Nitrogen uptake and N and C partitioning were evaluated in `Sharpblue' southern highbush blueberries fertilized with different N forms. Plants were grown in acid-washed silica sand and fertilized with a modified Hoagland's solution supplemented with 5.0 mm N as NH4 + or NO3 -. Nutrient solution pH was adjusted to 3.0 and 6.5 for the NO3 - and NH4 +-treated plants, respectively. After 12 months of growth, plants were dual labeled with 14CO2 and 10% enriched 15N-N as either NaNO3 or (NH4)2SO4 and harvested 12 hours after labeling. Fertilization with NO3 --N increased leaf, stem, and root dry weights compared to NH4 + fertilization. Total 15N uptake did not differ between N fertilization treatments, thus whole plant and root 15N concentrations were greater in NH4 +-fertilized vs. NO3 --fertilized plants. Fertilization with NO3 --N increased C partitioning to new shoots compared to NH4 +-fertilized plants. However, C partitioning to other plant parts was not affected by N form. Although NO3 - uptake in blueberry appears to be restricted relative to NH4 + uptake, this limitation does not inhibit vegetative growth. Additionally, there appears to be adequate available carbohydrate to support concurrent vegetative growth and N assimilation, regardless of N form.

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Rebecca L. Darnell and Keith B. Birkhold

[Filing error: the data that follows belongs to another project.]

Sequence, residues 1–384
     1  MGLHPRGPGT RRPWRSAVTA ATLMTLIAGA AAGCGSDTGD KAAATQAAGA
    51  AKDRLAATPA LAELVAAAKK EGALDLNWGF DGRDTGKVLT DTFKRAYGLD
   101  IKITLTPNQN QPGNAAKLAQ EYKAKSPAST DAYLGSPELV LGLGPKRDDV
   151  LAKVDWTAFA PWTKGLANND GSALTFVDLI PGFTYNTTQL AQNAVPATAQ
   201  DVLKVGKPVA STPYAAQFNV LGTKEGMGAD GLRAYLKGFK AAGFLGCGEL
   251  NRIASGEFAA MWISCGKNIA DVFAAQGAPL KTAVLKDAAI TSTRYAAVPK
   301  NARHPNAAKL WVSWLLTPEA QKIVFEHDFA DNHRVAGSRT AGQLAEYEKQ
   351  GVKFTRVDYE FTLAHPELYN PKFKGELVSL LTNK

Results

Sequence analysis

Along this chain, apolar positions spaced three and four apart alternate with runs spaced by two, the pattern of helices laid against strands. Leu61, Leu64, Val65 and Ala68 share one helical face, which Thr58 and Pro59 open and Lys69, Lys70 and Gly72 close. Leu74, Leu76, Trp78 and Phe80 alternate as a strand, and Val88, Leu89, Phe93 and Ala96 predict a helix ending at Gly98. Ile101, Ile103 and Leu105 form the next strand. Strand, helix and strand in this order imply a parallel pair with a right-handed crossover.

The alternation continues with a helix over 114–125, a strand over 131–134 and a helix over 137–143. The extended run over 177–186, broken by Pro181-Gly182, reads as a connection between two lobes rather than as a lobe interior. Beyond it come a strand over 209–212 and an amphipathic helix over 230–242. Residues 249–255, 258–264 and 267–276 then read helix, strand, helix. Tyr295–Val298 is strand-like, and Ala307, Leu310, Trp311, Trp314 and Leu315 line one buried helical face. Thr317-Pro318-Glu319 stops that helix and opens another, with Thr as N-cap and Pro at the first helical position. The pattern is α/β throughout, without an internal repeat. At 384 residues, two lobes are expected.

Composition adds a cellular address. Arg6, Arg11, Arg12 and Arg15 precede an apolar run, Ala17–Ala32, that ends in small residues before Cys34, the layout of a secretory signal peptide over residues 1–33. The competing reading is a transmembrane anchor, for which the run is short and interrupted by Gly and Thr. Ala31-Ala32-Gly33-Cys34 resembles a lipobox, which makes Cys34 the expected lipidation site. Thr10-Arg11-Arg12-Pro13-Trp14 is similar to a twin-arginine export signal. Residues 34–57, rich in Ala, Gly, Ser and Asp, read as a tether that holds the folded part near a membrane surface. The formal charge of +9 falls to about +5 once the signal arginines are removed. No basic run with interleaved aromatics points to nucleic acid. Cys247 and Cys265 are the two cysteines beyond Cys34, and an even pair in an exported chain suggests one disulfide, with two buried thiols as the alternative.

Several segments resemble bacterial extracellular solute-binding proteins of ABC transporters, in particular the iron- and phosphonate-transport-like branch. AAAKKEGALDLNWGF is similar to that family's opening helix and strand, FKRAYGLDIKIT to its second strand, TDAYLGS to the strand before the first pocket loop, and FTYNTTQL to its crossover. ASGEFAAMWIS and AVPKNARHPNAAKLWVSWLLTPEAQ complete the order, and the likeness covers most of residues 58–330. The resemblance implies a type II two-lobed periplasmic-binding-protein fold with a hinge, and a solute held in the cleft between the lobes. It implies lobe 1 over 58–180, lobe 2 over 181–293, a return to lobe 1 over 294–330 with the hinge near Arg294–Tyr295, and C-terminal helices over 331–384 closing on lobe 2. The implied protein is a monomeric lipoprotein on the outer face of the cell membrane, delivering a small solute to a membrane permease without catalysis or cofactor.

Rabbiteye blueberry (Vaccinium ashei Reade) cultivars differ in timing of floral and vegetative budbreak and in final fruit size. For example, `Bonita' exhibits concomitant floral and vegetative budbreak and has relatively large fruit size, while floral budbreak precedes vegetative budbreak in `Climax' and fruit size is smaller. Mobilization of carbohydrate before and during fruit development in `Bonita' and `Climax' rabbiteye blueberries was examined to determine if differences in carbohydrate availability between these two cultivars were correlated with differences in fruit size. Root dry mass (DM) of both cultivars decreased from dormancy (31 days before anthesis) through fruit development. Sugar concentrations in roots and stems of both cultivars decreased significantly between dormancy and anthesis, then remained relatively steady throughout fruit development. Starch concentrations in roots and stems of `Bonita' decreased significantly between dormancy and anthesis. The extent of total starch depletion in `Climax' was similar; however, the decrease was more gradual, extending from dormancy to 28 days after anthesis (DAA); at which time, vegetative budbreak in `Climax' occurred. Thus, although total reserve carbohydrate pool sizes were similar between the two cultivars, remobilization patterns were different, resulting in increased starch mobilization in `Bonita' compared to `Climax' in the period leading up to anthesis. Concentration of 14C from reserve carbon sources was similar in flowers of both cultivars at anthesis. These values declined throughout fruit development as a result of dilution of the labeled carbon by unlabeled carbon from current photosynthesis. There was a sharper decline in 14C concentration of `Bonita' fruit compared to `Climax' fruit between anthesis and 51 DAA. This, coupled with differences in timing of vegetative budbreak between the two cultivars, suggests that `Bonita' fruit were accessing current (unlabeled) assimilate earlier (i.e., before 51 DAA) than `Climax' fruit. Smaller fruit size in `Climax' compared to `Bonita' may be a consequence of a decrease in reserve carbohydrate mobilization to `Climax' flower buds before anthesis relative to `Bonita', as well as a delay or reduction in the availability of current carbohydrates to developing `Climax' fruit between anthesis and 51 DAA.